The European Central Bank changes its strategy to fight inflation.


The European Central Bank said Thursday that it would adjust the guideposts it uses to set monetary policy, giving it more room to deploy crisis measures even if inflation rises above its official target. The bank also said it would begin using its clout in bond markets to fight climate change.

After concluding an 18-month review of its strategy, the bank’s Governing Council said Thursday that it would no longer aim to keep inflation below, but close to, 2 percent, its guiding principle since 2003. Rather, the bank would simply aim for 2 percent and be ready to accept “a transitory period in which inflation is moderately above target.”

“Two percent is not a ceiling,” Christine Lagarde, the president of the European Central Bank, said during a news conference Thursday.

The seemingly minor change gives the bank space to keep pumping credit into the eurozone economy even if annual inflation rises above the target, as long as policymakers think the jump is temporary.

That situation may soon materialize. Inflation in the eurozone has been hovering around 2 percent in recent months, and could rise higher as economies reopen and shortages of needed products like semiconductors become more acute. According to the previous strategy, the central bank would be obligated to raise interest rates or take other measures to slow the economy, even if the crisis was not over.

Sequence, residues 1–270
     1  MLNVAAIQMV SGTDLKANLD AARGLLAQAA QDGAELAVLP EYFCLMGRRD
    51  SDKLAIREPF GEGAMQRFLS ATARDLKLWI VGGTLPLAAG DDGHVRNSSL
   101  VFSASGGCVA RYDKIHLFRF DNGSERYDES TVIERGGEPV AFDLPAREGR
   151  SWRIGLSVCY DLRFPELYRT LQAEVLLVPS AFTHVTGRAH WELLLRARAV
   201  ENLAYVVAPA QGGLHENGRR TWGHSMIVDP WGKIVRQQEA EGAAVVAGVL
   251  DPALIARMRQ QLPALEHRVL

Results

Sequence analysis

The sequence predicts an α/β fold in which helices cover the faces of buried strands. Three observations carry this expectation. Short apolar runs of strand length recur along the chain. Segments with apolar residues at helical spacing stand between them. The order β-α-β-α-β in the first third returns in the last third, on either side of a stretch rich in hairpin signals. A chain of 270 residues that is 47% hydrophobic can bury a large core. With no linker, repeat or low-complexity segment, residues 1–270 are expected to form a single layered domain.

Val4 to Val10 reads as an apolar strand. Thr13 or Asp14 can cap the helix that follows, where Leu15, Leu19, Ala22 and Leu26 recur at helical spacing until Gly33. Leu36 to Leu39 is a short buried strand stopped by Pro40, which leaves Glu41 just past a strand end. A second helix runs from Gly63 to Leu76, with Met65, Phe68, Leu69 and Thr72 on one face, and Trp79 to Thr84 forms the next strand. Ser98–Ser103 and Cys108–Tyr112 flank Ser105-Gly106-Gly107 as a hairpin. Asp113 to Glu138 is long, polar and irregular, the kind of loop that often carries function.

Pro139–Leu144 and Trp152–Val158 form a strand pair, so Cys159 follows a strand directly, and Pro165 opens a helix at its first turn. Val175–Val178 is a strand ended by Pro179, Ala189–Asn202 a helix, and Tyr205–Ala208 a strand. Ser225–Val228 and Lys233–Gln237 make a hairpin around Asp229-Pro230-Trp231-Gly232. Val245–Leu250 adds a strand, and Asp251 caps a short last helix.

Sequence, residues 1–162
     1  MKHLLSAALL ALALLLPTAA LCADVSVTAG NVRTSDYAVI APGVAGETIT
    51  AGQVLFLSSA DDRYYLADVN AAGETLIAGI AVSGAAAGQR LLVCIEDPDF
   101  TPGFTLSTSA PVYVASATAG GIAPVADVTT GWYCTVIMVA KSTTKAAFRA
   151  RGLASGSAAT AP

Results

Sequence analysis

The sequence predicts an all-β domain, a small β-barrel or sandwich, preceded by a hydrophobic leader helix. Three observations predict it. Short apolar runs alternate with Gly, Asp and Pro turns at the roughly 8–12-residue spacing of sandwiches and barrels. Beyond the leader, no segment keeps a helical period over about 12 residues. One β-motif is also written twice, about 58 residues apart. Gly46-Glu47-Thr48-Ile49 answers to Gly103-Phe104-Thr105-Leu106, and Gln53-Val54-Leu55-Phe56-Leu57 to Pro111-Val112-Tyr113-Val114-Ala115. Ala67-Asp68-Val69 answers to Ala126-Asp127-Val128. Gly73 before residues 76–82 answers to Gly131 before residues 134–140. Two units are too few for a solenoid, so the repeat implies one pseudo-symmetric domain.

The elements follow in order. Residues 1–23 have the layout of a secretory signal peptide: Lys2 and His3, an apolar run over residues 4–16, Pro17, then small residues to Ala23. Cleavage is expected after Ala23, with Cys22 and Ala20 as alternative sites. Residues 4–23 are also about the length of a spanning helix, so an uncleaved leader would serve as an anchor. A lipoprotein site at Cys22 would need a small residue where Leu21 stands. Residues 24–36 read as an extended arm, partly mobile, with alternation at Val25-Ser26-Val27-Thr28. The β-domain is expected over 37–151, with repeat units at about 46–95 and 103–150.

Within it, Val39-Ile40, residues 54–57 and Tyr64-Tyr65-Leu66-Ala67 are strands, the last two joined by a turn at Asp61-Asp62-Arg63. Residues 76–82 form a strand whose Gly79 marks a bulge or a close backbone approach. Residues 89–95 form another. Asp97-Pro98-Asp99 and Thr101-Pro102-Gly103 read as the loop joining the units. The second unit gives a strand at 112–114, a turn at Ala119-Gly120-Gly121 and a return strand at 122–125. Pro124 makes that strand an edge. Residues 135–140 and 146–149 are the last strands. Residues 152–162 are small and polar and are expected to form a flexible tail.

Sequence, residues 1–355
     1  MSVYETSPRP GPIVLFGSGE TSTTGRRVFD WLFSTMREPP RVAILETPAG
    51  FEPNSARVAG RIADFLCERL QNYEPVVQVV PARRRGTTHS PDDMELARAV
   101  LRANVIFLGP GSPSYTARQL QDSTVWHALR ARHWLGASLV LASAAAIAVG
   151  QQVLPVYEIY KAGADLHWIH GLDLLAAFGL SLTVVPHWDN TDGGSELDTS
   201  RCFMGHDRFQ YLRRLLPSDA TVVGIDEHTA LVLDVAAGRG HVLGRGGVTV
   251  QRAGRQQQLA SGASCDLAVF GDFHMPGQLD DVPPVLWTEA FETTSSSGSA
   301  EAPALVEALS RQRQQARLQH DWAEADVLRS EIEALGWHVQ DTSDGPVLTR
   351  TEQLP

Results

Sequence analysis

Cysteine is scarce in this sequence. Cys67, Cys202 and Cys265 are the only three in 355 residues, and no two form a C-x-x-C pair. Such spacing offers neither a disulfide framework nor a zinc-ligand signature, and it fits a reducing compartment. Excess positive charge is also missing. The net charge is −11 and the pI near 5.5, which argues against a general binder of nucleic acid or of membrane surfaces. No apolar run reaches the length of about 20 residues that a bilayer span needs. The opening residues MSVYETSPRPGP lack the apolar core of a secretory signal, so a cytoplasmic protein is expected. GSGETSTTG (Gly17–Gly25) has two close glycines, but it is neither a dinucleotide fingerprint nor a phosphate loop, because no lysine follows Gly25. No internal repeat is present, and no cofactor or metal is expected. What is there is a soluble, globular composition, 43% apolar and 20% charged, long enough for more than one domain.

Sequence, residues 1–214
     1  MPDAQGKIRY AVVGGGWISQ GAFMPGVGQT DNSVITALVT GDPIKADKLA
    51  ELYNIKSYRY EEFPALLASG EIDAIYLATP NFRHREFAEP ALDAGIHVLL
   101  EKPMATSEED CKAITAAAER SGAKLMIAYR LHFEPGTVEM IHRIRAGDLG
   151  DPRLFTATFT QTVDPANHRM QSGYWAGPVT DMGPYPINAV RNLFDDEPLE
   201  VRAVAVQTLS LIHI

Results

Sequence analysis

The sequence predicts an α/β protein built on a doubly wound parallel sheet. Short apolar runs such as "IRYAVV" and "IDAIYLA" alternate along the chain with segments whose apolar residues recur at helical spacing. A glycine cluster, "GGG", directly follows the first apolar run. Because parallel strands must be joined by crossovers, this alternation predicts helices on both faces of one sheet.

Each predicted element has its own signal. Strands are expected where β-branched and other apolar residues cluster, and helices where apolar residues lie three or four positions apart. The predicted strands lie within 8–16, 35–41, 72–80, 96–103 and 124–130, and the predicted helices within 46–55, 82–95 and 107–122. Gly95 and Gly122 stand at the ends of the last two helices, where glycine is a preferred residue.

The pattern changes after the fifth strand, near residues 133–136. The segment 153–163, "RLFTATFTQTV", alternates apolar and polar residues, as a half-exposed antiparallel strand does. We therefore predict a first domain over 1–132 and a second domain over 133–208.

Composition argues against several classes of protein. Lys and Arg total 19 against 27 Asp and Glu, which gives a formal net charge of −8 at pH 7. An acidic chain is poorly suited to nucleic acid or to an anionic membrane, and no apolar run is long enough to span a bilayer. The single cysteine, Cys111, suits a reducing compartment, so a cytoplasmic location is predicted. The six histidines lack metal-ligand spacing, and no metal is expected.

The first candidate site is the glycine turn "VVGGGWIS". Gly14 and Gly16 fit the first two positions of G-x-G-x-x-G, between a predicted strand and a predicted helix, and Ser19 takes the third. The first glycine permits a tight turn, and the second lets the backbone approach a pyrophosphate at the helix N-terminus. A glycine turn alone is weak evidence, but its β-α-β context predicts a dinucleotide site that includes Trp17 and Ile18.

By law, controlling prices in the 19 countries of the eurozone is the central bank’s main priority, so any adjustment to its approach to inflation has broad implications for the interest rates that businesses and consumers pay on loans, and for employment and economic growth.

The bank also said it would take climate change into account when it bought corporate bonds as part of its stimulus measures. The bond purchases, made with newly created money, are one of the bank’s main tools to stimulate borrowing and economic growth. But in the future, the European Central Bank will favor companies that have made sincere efforts to reduce the amount of carbon dioxide they produce.

In practice, the central bank has already provided ample evidence it was willing to bend its own rules to fight the pandemic, or the debt crisis that nearly destroyed the euro a decade ago.

“The more modern and clearer strategy will make it easier for the E.C.B. to communicate with markets and the public,” Holger Schmieding, chief economist at Berenberg Bank, said in a note to clients. “It enshrines the flexibility which the E.C.B. had granted itself anyway.”

The European Central Bank’s new approach is sure to generate criticism from places like Germany, where fear of inflation runs deep. Jens Weidmann, a member of the Governing Council and president of the Bundesbank, Germany’s central bank, has called for the European Central Bank to begin dialing back its stimulus to ensure that inflation does not get out of control. He has also said climate change was not a matter for central banks. But Ms. Lagarde said members had approved the new strategy unanimously.

The Governing Council defended its decision to make climate change a task for central banks Thursday, saying it was relevant to “inflation, output, employment, interest rates, investment and productivity; financial stability; and the transmission of monetary policy.”



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